The EU Regulation of the European Parliament and the Council establishing the European Voluntary Humanitarian Aid Corps – EU Aid Volunteers and related legislation create a framework for joint contributions from European volunteers to support and complement humanitarian aid in third countries.
Therefore, the EU Aid Volunteers Initiative provides opportunities to European citizens and long-term residents, from a wide range of backgrounds and with a diversity of skills and professional experience, to get involved in humanitarian aid projects, support the provision of needs-based humanitarian aid in third countries and engage in volunteering opportunities, through deployment and online-volunteering.
The initiative focuses on strengthening the European Union's capacity to deliver needs-based humanitarian aid by providing professional support through the deployment of trained volunteers to people in need. Furthermore, it aims to strengthen the capacity and resilience of vulnerable communities in third countries, through the implementation of joint projects between experienced humanitarian operators and local organizations in third countries.
The EU Aid Volunteers Initiative offers:
· Opportunities for European citizens to become EU Aid Volunteers in humanitarian projects worldwide, showing solidarity with those who most need it,
· Professional support by trained and well-prepared volunteers to communities affected by disaster,
· Capacity building for local staff and volunteers of organizations in countries hit by disasters,
· Technical assistance for organizations based in Europe to strengthen their capacity to participate in the EU Aid Volunteers initiative.
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Acción contra el Hambre (Spain) and GVC (Italy) are International Non-Governmental Organizations that have joined their expertise in managing humanitarian actions worldwide and are now implementing the project “Strengthening the resilience and response capacity of vulnerable and disaster-affected communities through the deployment of EU Aid Volunteers”.
The project will directly seek for strengthening the resilience and response capacity of vulnerable and disaster-affected communities through the deployment of 19 trained EU Aid Volunteers in 10 countries Guatemala, Nicaragua, Bolivia, Colombia, Peru, Georgia, Burkina Faso, Senegal, Thailand and Cambodia. This main objective will be achieved through the deployment of EU Aid Volunteers and capacity-building activities on strengthening the decision-making based on the Regional Pastoral Surveillance System (SO1), strengthening good practices and lessons learned around disaster risk management and resilience practices in vulnerable communities (SO2), strengthening humanitarian skills and capacities of a great range of humanitarian actors around contingency planning processes, coordination mechanisms (SO3). These specific objectives will be complemented by activities destined to ensure an adequate support to the EU Aid Volunteers and the quality of the whole implementation process (SO4) and finally oriented to guarantee the best coordination mechanisms between EU and in-country partners (SO5).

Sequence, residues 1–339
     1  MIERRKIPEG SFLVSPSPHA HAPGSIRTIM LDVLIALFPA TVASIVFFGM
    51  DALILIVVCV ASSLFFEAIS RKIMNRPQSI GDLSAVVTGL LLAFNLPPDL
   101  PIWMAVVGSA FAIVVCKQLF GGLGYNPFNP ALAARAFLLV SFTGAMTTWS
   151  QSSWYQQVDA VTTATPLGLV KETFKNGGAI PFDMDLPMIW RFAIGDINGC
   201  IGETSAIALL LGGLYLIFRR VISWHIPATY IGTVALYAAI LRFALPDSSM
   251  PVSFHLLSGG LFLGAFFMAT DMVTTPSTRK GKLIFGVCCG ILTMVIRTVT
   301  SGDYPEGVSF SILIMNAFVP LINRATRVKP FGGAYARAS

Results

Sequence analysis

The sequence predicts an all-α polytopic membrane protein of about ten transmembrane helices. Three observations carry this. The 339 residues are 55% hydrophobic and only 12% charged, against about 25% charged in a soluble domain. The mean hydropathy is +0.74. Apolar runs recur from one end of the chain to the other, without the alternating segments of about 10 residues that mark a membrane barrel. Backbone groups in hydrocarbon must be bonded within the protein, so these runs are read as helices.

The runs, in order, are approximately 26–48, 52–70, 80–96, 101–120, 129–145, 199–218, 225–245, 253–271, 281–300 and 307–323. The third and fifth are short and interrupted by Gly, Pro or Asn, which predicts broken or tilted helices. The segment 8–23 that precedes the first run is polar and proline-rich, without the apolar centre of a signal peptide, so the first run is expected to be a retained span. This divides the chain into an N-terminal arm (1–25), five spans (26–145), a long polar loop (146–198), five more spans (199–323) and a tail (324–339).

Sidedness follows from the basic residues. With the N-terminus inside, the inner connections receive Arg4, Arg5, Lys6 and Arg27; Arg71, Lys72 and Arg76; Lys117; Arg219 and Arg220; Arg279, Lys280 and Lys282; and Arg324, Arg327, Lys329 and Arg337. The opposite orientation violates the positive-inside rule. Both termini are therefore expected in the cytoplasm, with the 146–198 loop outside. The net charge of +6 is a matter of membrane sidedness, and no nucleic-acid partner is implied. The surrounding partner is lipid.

11 hosting organizations will be involved in the development of the project, involving 19 EU Aid Volunteers: 5 senior Volunteers (more than 5 years of professional experience) and 14 junior Volunteers (less than 5 years of professional experience) in the 10 countries targeted by the project. Through their volunteering deployments, EU Aid Volunteers will support the sharing of good practices and lessons learned around disaster risk management and resilience in vulnerable communities, and help to boost and strengthen the humanitarian skills and capacities of a range of humanitarian actors.
More info about this project available here: https://webgate.ec.europa.eu/echo/eu-aid-volunteers_en/strengthening-resilience-and-response-capacity-vulnerable-and-disaster-affected-communities-through_en
In the framework of this project GVC deploys 1 volunteer to Thailand. To know more EUAV opportunities in this and other Countries with GVC please consult this page: https://webgate.ec.europa.eu/echo/eu-aid-volunteers_en/gvc-gruppo-di-volontariato-civile_en Operational details & security context
The Thai government is not a signatory to the UN Refugee Convention but has allowed refugees from Myanmar/Burma (currently over 102.000) to stay in nine camps (temporary shelters) along the border between the two countries. Thailand has seen an exponential increase in the number of asylum seekers in recent years. According to the United Nations’ Refugee Agency (UNHCR), the number of people seeking refugee status increased from 1.120 in 2013 to 7.082 at the end of 2015. Not entitled to any legal status in Thailand, these asylum seekers are exposed to detention and exploitation. Over the past few years, Rohingya and Bangladeshi men, women and children fleeing violence and difficult conditions in Myanmar/Burma and Bangladesh, have been intercepted by Thai authorities en route to Malaysia and held in Immigration Detention Centres (IDCs) and social shelters. They often fall prey of human trafficking networks, leading Thai authorities to launch a crackdown on smuggling rings in 2015. This resulted in what came to be known as the “boat people crisis in the Andaman Sea”, which saw thousands of Rohingya and Bangladeshi migrants stranded at sea without food or water after the traffickers abandoned the ships. Disembarkations took place in Thailand, Indonesia and Malaysia in May-June 2015. Since then, the number of arrivals in the region has significantly decreased.